A freshman at Como Park High School in St. Paul, Minnesota told local CBS affiliate WCCO last week that she has frostbite on her feet after being forced to stand outside in a sopping-wet bathing suit during a fire drill.
Note that this is in late February, in St. Paul, Minnesota, where temperatures were below 0 and the windchill even lower (25 below, according to the article).
Kayona Hagen-Tietz, who was diagnosed to have gotten frostbite on her feet by a doctor, was along with one classmate one of only two swimmers left in the pool and wet when the fire alarm went off for what was ultimately a drill. The school’s strict policy for these drills mandated that she evacuate immediately, without drying off, and without putting on more clothes. She also wasn’t allowed to sit in a faculty member’s car to warm up for 10 minutes, before the school finally relented.
The parents’ complaint surrounds the school’s inability to adapt to the situation and take a swimmer out of the cold and to safety.
“If I had a fire and brought my children out in that condition, you know, I’m sure I would be charged in some way or another if I didn’t instantly bring them into a neighbor’s house or someplace else,” Tietz said to WCCO. “The ultimate goal is to keep them safe and protect your children, and, in this instance, they did a really poor job.”
While fire drills during swim practice are rare, and something that most coaches (myself included) wouldn’t necessarily consider as a real threat, in northern climates and during winter months (nowhere has been immune this year, it seems, from cold weather), it’s something that all coaches should be prepared for. Administrators of schools, YMCA’s and community pools are considering their broad memberships when they plan drills such as these, and it’s not until something truly terrible like this happens that they’ll consider specifically the 20 kids in your pool, soaking wet, in their swim suits, and with the tone of school systems at present (a topic for a different forum, but I think we all have the gist of what that tone is), the time it takes for a decision to be made confidently when these issues arise can be too long.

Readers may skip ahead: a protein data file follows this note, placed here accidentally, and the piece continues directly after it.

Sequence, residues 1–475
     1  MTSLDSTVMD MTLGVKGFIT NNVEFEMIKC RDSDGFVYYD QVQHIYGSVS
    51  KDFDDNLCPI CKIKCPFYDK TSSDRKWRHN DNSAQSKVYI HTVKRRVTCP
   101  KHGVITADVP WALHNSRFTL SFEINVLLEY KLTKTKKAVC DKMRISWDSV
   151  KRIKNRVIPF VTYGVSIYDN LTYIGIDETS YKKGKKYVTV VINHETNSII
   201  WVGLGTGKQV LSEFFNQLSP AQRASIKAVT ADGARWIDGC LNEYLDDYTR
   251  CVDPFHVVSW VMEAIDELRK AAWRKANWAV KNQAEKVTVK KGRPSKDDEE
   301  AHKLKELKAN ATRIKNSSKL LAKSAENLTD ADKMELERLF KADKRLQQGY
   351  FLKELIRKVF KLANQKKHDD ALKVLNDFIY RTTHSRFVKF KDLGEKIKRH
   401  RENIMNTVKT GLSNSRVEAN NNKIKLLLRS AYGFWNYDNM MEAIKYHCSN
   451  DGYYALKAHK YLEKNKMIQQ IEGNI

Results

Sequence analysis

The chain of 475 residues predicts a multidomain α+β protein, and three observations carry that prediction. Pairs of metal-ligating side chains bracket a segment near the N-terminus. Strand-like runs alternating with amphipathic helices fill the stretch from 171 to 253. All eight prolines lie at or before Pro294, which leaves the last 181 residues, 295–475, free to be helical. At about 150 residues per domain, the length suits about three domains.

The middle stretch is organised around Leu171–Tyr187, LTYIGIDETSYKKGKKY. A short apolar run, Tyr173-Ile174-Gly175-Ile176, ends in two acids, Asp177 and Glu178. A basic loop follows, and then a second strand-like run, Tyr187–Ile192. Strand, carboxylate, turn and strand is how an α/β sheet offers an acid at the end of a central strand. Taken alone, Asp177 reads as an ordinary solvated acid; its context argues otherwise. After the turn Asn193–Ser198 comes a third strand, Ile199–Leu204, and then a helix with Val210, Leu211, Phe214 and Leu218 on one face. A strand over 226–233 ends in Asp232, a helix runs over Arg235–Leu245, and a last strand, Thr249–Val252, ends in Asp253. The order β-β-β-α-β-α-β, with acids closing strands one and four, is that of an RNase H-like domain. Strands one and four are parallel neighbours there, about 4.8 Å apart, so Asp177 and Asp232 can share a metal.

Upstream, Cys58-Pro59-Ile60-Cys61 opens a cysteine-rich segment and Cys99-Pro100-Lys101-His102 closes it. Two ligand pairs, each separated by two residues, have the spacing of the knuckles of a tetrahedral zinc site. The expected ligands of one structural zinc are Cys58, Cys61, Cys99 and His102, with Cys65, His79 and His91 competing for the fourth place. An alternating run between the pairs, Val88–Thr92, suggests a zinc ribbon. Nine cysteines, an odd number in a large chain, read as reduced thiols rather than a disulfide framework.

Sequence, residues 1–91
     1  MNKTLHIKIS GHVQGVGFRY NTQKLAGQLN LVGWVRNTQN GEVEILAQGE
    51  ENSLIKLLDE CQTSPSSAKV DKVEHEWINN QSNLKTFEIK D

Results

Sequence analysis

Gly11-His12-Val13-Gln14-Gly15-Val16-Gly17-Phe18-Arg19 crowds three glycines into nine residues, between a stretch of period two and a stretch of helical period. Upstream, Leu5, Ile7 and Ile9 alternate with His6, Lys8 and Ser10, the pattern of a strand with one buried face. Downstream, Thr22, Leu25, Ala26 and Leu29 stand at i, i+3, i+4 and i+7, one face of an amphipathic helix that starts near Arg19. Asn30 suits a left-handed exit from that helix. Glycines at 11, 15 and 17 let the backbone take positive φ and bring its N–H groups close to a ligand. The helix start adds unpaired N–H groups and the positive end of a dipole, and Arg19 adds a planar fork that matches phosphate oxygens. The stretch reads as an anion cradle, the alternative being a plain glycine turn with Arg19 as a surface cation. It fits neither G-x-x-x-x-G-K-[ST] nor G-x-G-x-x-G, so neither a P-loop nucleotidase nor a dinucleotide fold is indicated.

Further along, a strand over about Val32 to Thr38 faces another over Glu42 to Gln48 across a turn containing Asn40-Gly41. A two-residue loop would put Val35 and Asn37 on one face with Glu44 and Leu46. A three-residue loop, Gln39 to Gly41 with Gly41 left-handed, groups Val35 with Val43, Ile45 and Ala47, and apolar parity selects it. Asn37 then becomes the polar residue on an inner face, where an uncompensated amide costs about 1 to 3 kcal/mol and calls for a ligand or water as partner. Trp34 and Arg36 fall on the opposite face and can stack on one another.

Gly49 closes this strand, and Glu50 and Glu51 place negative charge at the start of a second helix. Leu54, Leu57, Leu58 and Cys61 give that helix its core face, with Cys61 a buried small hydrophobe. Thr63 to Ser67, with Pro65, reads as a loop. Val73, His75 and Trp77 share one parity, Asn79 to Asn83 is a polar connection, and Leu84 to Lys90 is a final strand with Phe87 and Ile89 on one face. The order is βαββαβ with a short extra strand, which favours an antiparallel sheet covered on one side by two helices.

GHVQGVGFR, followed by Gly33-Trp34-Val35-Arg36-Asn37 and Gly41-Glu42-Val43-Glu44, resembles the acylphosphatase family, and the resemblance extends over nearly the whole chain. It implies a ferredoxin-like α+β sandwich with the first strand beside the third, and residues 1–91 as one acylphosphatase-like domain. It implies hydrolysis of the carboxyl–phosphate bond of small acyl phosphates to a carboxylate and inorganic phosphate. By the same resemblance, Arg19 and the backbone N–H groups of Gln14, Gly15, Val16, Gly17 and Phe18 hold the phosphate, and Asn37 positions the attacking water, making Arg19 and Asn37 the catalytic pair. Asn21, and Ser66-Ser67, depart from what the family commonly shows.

This is an unfortunate, but important, reminder of all of us to be prepared for this type situation. We at SwimSwam are sent many pictures of swimmers outside in snow in their suits, but it’s usually with boots on, while they’re dry, and for just long enough to take a picture. If you’re coaching in a cold climate, have a plan in case a fire drill, or even worse a real fire, were to happen.